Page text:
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Village Center

Perhaps nowhere else in Orland Park is the character of the community so thoroughly defined as in its Village Center, a dramatic showcase of structures devoted to community service. Striking for its architecture, the 100-acre Village Center is the focal point of Village government, a place for healthy recreation and a gathering point for business and community interests.

Dedicated in 1989, the Village Center is located on property that was once part of John Humphrey’s family farm and is adjacent to the Humphrey Woods and the John Humphrey Sports Complex that debuted in 1981. It is nonpolitical in character with no imposing classical ornamentation and no ostentatious effort to look “governmental.” When the Village Center opened in the late 1980s, people from around the world and across the country visited to admire its innovative architecture.

The Village Center includes three buildings that surround three sides of a small picturesque lake. Designed by Architect Ralph Johnson of the Chicago firm of Perkins and Will, the center structures strongly reflect the influences of Frank Lloyd Wright and his Prairie School of Architecture as well as the ideas of Dutch architect Willem Marinus Dudok. The design unifies soft, curving lines and contrasting angular ones to create a memorable visual impact.

The 42,000-square-foot Frederick T. Owens Village Hall, named for the late mayor who championed the development of the Village Center, is the most prominent of the three buildings. It houses the offices of the mayor, Village clerk, trustees, Village manager and several Village departments. The building’s soaring clock tower is a point of reference for the surrounding area. The u-shaped building wraps the offices of Village officials around a two-story lobby, behind which is the two-story meeting room of the Board of Trustees. Windows covering the north wall flood the board room with natural light, creating a pleasant view of the lake and woods beyond.

The 34,000-square-foot Franklin E. Loebe Recreation Center was named in honor of the late Franklin Loebe, who served as village treasurer for 65 years from 1929 until 1994. The name Loebe has long been synonymous with commerce in Orland Park, as Loebe’s father and uncle opened Orland Park’s first general store in 1898 in Old Orland. Loebe’s office in the Village Hall at one time overlooked the building named for him. Home to the administrative offices for the Village’s Recreation Department, the Loebe Center houses a full-sized gymnasium, a mezzanine running track, classrooms, dance studio, wrestling room and an indoor playground.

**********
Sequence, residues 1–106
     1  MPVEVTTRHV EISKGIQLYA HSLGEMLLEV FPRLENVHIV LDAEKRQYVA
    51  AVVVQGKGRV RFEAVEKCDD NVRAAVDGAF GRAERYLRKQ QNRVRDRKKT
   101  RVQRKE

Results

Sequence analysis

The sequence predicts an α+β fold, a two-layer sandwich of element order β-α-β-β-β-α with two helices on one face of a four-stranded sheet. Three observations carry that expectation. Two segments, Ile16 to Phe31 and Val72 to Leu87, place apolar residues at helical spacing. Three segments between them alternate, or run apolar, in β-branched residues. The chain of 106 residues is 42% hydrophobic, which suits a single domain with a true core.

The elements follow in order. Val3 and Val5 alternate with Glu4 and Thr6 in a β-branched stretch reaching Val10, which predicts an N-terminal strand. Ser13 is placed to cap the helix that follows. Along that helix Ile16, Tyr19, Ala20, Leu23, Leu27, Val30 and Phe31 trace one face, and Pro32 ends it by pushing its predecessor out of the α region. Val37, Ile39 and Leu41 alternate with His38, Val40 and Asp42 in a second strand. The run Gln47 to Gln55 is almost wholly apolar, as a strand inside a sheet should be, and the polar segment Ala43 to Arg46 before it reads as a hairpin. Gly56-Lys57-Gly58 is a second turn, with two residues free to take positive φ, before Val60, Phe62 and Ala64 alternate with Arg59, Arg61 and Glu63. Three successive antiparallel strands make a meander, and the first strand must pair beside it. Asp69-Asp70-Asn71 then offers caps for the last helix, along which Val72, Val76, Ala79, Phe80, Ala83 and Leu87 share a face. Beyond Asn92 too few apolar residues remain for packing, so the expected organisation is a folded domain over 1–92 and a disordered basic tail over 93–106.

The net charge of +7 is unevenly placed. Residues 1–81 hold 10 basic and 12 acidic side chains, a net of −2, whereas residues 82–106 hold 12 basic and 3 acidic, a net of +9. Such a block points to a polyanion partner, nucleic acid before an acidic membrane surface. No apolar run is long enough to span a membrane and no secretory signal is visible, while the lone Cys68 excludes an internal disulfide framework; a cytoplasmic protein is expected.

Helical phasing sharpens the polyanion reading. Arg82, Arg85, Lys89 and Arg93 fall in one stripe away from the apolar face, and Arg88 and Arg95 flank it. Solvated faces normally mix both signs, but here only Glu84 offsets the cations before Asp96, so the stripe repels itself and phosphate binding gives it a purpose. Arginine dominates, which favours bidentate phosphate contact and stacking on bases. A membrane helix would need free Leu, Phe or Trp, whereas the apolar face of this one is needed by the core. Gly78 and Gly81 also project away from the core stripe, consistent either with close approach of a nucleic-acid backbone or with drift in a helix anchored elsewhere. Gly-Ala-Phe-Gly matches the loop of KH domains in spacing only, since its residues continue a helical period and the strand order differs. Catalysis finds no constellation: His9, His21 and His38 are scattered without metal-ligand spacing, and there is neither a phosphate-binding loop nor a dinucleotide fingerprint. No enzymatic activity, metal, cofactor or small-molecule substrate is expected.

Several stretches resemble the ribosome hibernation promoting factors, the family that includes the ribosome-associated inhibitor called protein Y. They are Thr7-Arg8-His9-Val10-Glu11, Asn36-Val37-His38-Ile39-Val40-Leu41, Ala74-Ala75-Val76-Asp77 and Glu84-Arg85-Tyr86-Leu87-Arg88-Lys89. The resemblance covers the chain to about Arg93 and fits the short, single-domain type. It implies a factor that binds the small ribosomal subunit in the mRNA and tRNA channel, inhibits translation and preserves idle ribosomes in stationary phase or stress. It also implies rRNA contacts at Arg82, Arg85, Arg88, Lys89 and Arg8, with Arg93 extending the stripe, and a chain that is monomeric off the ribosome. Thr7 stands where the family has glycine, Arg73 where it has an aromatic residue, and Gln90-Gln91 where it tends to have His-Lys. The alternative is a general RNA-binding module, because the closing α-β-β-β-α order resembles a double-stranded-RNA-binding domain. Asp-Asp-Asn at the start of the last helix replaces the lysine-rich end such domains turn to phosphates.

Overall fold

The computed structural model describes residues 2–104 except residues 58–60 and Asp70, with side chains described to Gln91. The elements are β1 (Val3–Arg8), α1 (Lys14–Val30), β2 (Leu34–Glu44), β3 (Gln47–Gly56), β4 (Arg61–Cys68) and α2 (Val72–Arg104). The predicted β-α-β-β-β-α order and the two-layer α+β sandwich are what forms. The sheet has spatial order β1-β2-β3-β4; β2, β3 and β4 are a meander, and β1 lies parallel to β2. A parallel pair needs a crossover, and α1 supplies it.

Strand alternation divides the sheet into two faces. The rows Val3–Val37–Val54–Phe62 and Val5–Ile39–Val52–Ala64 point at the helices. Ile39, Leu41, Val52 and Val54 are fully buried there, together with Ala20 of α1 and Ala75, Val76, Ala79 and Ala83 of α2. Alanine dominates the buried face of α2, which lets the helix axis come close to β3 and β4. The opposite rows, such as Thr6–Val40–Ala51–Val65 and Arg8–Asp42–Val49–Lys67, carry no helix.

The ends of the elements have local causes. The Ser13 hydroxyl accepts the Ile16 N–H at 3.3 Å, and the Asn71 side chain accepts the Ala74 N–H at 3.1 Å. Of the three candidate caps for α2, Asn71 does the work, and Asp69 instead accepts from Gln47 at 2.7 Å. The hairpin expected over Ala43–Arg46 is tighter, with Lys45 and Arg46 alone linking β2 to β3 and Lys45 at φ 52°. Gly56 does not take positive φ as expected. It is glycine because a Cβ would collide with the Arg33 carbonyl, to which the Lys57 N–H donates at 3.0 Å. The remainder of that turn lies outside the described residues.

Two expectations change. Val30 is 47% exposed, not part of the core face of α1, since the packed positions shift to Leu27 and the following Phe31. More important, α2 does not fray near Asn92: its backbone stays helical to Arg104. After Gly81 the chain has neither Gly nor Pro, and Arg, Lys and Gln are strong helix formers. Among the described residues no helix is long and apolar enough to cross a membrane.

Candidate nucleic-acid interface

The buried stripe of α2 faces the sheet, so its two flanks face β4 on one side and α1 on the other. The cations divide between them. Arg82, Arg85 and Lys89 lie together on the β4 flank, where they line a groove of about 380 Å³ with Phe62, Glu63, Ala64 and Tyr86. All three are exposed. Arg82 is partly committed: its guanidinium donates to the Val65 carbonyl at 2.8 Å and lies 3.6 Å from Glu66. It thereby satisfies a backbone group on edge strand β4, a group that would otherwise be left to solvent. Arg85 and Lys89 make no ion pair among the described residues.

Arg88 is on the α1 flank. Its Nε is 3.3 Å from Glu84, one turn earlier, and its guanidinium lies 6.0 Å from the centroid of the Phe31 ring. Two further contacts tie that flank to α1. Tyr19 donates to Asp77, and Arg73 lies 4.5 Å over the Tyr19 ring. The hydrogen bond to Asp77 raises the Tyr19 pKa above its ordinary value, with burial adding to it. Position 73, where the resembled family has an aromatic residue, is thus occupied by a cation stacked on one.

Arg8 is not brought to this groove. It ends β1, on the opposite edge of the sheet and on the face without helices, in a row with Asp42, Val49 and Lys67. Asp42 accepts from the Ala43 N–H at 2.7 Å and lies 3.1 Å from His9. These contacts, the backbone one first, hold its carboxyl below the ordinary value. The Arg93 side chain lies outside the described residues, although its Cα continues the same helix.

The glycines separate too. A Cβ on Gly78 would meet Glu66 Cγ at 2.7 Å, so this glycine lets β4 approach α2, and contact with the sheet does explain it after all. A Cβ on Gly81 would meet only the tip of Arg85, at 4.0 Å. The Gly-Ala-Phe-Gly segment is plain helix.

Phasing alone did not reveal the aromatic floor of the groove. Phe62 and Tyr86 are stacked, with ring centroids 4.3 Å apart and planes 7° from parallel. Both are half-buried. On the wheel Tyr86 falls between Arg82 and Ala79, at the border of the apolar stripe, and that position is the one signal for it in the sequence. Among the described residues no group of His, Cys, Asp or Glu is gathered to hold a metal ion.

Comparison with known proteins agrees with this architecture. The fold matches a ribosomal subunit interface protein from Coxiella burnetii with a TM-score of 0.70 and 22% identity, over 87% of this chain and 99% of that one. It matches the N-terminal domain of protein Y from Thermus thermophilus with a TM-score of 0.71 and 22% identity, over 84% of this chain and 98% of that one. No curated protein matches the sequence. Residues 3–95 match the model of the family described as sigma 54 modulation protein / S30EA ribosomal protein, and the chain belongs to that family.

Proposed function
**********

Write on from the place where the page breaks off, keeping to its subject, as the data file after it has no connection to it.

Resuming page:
The late Village Trustee William R. Vogel was known as “Mr. Orland Park” because of his involvement in so many civic organizations. The 11,000-square-foot Civic Center was dedicated to his memory shortly after his 1996 death. The building includes a large exhibition hall, a unique circular rotunda room, an outdoor terrace that overlooks the lake and the dividable Jane Barnes Annex, named for the late state representative who helped the Village secure the funding for the building in the mid-1980s.

The Orland Park Civic Center can accommodate anywhere from 10 to 1,000 people for meetings, conventions, shows and exhibitions. It is also the ideal setting for training seminars, sporting events, trade and consumer shows, theatrical, cultural, civic, education and commercial activities. Many area residents utilize this contemporary facility for private weddings, showers, christenings and other personal events and reunions.

An arcade-style covered walkway connects the three buildings and provides access to the Village’s outdoor amphitheater, the acoustically perfect coliseum type structure in the middle of the Village Center.

Another striking edifice adorning the Orland Park Village Center is the richly symbolic Veterans Memorial designed by world renowned sculptor Virginio Ferrari. Dedicated on Veterans Day, 1995, the stainless steel sculpture is called, “Ara Pace – Place of Peace,” and lists the names of veterans from throughout the region, both living and deceased. Orland Park’s memorial is believed to be the first of its kind in Illinois and possibly the U.S. to honor all six branches of the armed services.

The Village Center uniquely defines Orland Park as a sophisticated, striking, inventive and spirited community with confidence in itself and in its future. Orland Park’s Village Center is part of the larger civic corridor that includes the Orland Township Center, the Orland Park Public Library and the national award-winning LEED Gold Certified Orland Park Police Station, the first of its kind in the country.

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